The District's public schools received an A-plus grade from the city for the month of October. (Courtesy of DCPS)
Courtesy of DCPS

Standardized testing and its place in education is an ongoing debate. Even mentioning the Common Core can spark a heated debate in the blink of an eye. Many parents, educators and students do not feel that standardized testing accurately demonstrates the true breadth of a student’s abilities. As Business Insider points out, some people feel that standards so focused on testing show a “lack of consideration for non-traditional learners.” There’s no doubt that classroom learning has taken a turn toward assessment-focused curriculums. How can teachers help their students prepare for academic assessments without sacrificing a creative, well-rounded approach to each lesson? Here are a few ideas.

Game Show Fun

Although standardized tests don’t necessarily scream “fun,” reinforcing important concepts through games is a student-approved way to prepare for assessments. As first-grade teacher Lauren Crisp writes for Scholastic, her students use white boards to answer test preparation questions. She splits her classroom into teams of four students and displays questions on the overhead. The first team to raise their boards and display unanimous correct answers earns a point, and the overall winning team earns extra reading time later in the day.

Team-based games allow students to revisit test subjects while still working on critical thinking and cooperation skills. Jeopardy has been a classroom go-to for years, but it may be time to update your playbook when it comes to learning activities. Scholastic suggests five additional game show-based review activities that are highly adaptable across subjects and grade levels: Family Feud, Pyramid, Wheel of Fortune, Millionaire and Deal or No Deal.

Call and Response

Part of helping your pupils prepare for a big test is gauging where they are in the learning and retention process, but students may burn out when faced with practice tests and rote recall exercises. Classroom response systems present an instantaneous way for teachers and students alike to see which topics are well understood and which need more work in the classroom. Students answer PowerPoint-embedded polls using mobile devices, web browsers or Twitter, and the results display on screen to the entire classroom. If many students miss a certain question, it’s a signal to the teacher that it’s time to revisit that lesson before the big assessment. If an individual student selects the wrong answer on a question, they get the real-time benefit of seeing and discussing the right answer on the spot. Teachers can start each day leading up to a standardized test with a set of questions to spark the discussion for the day, and can tailor their lessons to the results from students’ responses.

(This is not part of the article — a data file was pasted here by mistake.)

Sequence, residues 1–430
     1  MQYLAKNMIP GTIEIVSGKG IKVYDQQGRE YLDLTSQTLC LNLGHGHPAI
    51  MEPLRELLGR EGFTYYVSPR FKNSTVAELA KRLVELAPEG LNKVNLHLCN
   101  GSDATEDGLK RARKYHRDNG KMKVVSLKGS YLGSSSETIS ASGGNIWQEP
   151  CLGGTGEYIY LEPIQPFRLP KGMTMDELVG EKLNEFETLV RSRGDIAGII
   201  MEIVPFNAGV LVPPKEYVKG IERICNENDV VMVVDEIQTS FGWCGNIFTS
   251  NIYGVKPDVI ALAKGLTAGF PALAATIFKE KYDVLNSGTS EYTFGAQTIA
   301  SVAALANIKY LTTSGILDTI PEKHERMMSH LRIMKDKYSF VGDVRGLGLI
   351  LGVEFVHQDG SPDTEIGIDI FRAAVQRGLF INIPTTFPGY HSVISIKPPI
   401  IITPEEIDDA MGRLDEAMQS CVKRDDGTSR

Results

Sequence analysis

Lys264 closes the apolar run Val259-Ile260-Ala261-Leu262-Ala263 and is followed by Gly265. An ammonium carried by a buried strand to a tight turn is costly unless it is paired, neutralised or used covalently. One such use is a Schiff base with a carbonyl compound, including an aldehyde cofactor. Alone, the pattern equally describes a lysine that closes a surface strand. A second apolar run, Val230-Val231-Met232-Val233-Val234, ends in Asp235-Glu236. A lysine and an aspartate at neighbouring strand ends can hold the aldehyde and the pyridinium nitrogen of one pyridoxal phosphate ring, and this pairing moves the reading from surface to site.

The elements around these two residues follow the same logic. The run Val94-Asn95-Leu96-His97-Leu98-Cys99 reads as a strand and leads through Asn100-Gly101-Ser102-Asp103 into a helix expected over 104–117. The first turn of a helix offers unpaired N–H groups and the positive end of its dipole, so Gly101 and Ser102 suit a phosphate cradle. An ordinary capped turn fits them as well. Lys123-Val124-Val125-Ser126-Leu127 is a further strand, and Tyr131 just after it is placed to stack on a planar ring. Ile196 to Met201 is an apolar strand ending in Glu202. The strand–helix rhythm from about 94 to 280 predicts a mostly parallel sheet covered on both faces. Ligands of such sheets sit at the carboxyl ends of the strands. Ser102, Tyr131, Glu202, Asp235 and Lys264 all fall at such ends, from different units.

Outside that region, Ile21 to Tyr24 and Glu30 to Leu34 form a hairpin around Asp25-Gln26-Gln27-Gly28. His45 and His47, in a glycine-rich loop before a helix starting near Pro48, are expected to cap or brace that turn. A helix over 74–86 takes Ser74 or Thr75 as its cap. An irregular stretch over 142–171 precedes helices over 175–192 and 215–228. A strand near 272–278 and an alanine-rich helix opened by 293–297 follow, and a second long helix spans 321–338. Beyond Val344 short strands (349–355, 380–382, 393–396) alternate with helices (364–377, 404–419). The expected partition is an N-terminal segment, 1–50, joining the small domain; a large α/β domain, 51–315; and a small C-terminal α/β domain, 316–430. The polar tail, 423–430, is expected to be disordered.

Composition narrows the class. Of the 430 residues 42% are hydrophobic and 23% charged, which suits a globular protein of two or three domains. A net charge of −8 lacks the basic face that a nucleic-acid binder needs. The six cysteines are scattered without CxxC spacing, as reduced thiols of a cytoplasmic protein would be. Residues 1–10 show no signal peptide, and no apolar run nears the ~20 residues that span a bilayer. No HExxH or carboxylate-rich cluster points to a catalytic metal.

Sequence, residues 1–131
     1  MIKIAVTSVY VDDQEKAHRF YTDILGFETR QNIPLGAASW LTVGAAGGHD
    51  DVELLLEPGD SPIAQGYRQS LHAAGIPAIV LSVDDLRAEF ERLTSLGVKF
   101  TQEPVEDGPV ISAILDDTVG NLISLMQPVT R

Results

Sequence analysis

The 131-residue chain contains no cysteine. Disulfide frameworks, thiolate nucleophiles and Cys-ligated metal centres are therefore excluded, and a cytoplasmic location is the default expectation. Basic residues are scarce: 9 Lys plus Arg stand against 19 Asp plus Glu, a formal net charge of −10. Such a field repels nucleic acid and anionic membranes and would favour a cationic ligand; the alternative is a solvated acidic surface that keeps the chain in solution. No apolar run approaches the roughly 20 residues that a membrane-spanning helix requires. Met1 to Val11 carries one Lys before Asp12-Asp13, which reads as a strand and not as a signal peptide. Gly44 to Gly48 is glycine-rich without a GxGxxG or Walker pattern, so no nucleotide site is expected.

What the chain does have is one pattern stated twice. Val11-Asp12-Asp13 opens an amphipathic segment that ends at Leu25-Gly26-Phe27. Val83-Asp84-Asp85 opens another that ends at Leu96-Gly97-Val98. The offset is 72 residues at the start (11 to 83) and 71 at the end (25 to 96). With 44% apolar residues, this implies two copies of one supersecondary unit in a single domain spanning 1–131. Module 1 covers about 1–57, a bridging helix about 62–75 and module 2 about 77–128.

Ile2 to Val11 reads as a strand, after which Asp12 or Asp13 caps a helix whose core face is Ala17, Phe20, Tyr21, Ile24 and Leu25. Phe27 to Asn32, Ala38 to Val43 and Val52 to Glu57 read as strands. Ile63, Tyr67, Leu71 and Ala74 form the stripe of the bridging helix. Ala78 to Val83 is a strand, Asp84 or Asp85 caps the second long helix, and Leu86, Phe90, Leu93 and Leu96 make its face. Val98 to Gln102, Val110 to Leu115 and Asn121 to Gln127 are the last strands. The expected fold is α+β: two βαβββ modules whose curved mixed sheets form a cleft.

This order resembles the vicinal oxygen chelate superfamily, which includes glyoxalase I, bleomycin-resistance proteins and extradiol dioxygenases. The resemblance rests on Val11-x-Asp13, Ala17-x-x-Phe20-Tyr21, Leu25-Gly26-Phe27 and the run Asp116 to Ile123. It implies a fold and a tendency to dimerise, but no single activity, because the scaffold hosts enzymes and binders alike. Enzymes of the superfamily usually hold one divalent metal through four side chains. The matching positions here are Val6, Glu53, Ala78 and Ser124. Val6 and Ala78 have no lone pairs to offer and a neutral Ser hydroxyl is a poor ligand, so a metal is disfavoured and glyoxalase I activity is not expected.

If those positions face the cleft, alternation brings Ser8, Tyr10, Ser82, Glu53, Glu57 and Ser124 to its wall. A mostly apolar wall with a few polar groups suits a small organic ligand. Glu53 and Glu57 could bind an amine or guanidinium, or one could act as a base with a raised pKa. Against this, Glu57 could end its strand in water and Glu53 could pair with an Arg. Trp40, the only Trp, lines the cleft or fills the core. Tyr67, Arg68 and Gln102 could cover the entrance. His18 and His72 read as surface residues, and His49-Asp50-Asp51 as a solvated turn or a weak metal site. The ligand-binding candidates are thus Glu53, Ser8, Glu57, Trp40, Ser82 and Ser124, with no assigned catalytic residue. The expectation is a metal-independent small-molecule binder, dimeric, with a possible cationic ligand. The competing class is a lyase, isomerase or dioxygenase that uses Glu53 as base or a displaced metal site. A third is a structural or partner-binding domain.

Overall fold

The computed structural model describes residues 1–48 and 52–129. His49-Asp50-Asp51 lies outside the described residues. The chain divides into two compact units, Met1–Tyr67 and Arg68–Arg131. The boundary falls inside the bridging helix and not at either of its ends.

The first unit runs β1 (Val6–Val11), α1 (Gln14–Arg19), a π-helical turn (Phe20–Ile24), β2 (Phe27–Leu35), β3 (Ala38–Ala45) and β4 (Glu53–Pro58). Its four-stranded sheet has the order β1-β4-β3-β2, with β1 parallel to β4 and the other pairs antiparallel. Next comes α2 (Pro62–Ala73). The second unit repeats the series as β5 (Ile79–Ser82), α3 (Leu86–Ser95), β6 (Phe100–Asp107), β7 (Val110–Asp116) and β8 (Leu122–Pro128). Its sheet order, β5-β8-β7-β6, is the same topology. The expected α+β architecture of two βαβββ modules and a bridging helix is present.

Create ‘Minilessons’

Besides the actual content of standardized tests, teachers must consider how language and format affect students’ mastery. It’s not just a matter of teaching the facts; you must also guide students toward a better understanding of what the test expects from them. As points out, “teachers often teach test-taking strategies through minilessons where they explain the strategy, model its use, and provide opportunities for guided practice and discussion.”

Tack on a minilesson at the end of each period that serves the dual purpose of reinforcing a key concept and showing students how to interpret test questions. It doesn’t matter how much a student knows if they consistently misconstrue standardized test questions and thus fall for the “trick” answer! Set aside a few minutes every day to go over an example question or two that accurately reflect scenarios students may see on the upcoming test. You don’t have to bog down your lesson plan with testing techniques to help your students feel more confident when the big day comes, all thanks to minilessons.

Preparing students for standardized tests requires a pinch of patience, a dash of creativity and an ability to put yourself in your students’ shoes. Focus on using timely and engaging activities in your classroom for the best results leading up to assessments.

WI Guest Author

This correspondent is a guest contributor to The Washington Informer.

Leave a comment

Your email address will not be published.